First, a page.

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The Imperial and Royal Porcelain Manufactory of Vienna became the most important porcelain manufacturer in the area and continued to make fine hand-decorated porcelain wares until Those older shield-marked pieces from the Imperial and Royal Porcelain Manufactory of Vienna can be quite expensive now, if you can find them.

Lots of beehive pieces have been produced in the recent past and imported into the American marketplace as well. Old pieces will have the beehive mark under the glaze. Read More.Sooner or later you are bound to bump into one of the mark versions shown below.

What should rise your suspicion is the plain fact that no reference book actually shows any of these marks, even those specialized on Austrian ceramics. Hence it is often very easy to prove that information given in some auction description is simply made up. According to a few German antiques dealers, some of these marks came up during the mid- to late s and are well known as reproductions. Depending on source, these items are said to have originated in Korea or Taiwan; thanks to Bill Bennett I have a nice picture of a vase bottom that has been scraped open to show the material used: his item was simply made from dirty leftover stuff and then whitewashed to create a clean surface.

For some time a larger potion of these marks was claimed to have belonged to one certain relatively badly documented manufacturer, which of course never used any of the marks shown here and only produced plates and dishes no vases, figures or other items. Contact Me. Member Log In. Factory Index. Historical Notes. Book Errata. Essay Collection. Registration Marks, British. Registration Marks, German. Misrepresented 1 Marks. Misrepresented 2 Groups. Unidentified 1 Marks.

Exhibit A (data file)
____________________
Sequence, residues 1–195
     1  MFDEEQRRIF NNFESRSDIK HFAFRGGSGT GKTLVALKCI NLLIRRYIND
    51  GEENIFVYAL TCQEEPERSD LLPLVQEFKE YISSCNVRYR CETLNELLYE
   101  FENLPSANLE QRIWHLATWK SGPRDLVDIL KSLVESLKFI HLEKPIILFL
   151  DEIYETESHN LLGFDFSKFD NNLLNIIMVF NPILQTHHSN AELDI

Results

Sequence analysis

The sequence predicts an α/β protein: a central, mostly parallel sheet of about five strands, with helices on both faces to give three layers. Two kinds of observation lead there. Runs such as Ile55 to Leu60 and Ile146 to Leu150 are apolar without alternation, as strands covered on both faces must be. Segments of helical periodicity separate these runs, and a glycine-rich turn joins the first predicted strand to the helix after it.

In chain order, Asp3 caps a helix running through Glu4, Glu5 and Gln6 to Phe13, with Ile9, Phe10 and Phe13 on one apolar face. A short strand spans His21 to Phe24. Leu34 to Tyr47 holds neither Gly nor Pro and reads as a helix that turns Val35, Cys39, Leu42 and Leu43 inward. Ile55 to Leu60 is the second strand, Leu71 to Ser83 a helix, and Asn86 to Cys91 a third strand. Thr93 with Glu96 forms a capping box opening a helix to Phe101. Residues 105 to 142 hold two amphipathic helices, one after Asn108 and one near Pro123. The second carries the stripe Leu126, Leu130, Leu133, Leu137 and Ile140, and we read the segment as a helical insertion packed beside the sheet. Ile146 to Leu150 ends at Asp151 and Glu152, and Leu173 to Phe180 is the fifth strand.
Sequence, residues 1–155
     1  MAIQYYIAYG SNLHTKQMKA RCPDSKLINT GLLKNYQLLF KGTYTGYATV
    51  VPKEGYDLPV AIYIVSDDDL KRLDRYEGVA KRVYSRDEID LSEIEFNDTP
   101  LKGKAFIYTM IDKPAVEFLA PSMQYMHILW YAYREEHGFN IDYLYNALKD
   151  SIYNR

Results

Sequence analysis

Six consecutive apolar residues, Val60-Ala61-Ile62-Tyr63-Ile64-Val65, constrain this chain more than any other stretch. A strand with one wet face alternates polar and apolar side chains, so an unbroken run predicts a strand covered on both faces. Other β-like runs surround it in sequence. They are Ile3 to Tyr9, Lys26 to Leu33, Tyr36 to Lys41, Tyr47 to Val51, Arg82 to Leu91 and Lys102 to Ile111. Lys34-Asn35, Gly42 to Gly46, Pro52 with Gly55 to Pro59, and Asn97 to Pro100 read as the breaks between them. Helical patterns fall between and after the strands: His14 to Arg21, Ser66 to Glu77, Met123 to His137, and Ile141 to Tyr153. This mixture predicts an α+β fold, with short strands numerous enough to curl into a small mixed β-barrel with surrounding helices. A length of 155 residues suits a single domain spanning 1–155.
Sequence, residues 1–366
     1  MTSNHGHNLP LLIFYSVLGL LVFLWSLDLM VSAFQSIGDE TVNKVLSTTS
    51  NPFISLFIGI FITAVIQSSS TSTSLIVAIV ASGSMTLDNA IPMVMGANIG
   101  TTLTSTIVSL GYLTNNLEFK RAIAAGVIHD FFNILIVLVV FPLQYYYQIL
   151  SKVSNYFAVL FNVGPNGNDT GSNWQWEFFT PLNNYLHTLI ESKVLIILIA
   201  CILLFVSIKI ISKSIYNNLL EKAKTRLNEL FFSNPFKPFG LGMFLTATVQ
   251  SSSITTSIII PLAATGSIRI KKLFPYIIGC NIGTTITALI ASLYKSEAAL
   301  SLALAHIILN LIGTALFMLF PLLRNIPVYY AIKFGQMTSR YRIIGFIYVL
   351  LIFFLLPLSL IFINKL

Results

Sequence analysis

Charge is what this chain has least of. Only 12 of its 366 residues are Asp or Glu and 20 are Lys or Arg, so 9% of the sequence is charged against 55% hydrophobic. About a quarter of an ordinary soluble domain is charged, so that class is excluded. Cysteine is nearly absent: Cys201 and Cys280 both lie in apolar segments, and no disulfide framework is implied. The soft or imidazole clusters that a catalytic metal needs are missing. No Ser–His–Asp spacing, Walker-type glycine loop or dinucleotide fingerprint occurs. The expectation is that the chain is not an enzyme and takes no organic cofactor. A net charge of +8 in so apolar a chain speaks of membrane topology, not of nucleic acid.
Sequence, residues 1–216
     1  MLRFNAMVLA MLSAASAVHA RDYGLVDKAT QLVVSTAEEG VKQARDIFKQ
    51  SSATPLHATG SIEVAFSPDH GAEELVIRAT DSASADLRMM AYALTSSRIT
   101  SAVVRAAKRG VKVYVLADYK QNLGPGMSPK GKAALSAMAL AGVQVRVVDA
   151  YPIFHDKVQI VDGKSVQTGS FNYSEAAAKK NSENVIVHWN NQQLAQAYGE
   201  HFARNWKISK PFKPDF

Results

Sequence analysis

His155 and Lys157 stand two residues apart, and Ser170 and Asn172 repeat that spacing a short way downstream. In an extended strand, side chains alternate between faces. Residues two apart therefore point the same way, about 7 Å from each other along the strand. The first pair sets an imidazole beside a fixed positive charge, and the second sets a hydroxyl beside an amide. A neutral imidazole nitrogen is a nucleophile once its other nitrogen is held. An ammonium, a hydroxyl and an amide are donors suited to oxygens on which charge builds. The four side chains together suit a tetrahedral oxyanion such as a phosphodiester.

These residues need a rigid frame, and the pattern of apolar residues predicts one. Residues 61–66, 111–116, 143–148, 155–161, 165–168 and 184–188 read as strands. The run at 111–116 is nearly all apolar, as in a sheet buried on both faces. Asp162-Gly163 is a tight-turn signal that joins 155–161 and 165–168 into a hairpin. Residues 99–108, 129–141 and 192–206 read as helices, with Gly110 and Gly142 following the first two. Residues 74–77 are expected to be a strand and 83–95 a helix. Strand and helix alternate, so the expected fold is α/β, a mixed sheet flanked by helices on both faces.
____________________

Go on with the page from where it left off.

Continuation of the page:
Unidentified 2 Groups. Lower Saxony. North-Rhine Westphalia. Saar Basin. Manufacturer Links. Other Links. Image Over the years I have seen so many versions and on so many lovely pieces, it is hard to keep those creeping doubts from screaming at you: Fake!!

So… I did a lot of research and decided to share what I know in the hopes of keeping at least some people sane…. Yet, in our research, we have often found that there are several meanings attached. However, Royal Vienna was not their official name.

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However, it should be pointed out that this term is also being used by others to refer to the style of certain items, not necessarily their origin or maker. However, this is exactly where more doubts creep in… There are so many copies and imitations of the beehive mark, it can make your head spin. Not only was this mark forged almost immediately upon the original factory being auctioned off by the King because of financial difficulties, but this mark is also found to be used in several variations even to this day, sometimes by Trading companies or Importers.

A word of caution: many pieces that used a copy or imitation beehive mark are not necessarily of poor quality. In fact, the vast majority of these later Royal Vienna pieces, especially those made ca s — s, are of high workmanship and usually command high prices.

Porcelain and pottery marks - MZ Austria marks

Most were made at reputable Studios and by accomplished Artisans, usually in the Bohemian region of Europe, but also in England, France, Italy etc. Although most ca s — s marks were applied by hand, so some may vary ever so slightly from item to item, there are usually one or two details that help in attributing them accurately, especially with the help of a book or website — for example, see our own marks4antiques. Some of the more recent uses of the beehive mark are applied by stamp, usually in an industrial manner.

These much newer items are sometimes also of good quality. In case it helps, most of the very recent Chinese beehive marks we have seen tend to be a bit more rounded. Check our research guides to help you in identifying and appraising your own collection at marks4antiques.

Royal Vienna porcelain plaque, hand painted neoclassical scene. Royal Vienna porcelain cabinet plate, early 20thC. Royal Vienna Pair of Urns ca - s. Royal Vienna Plate ca s - s.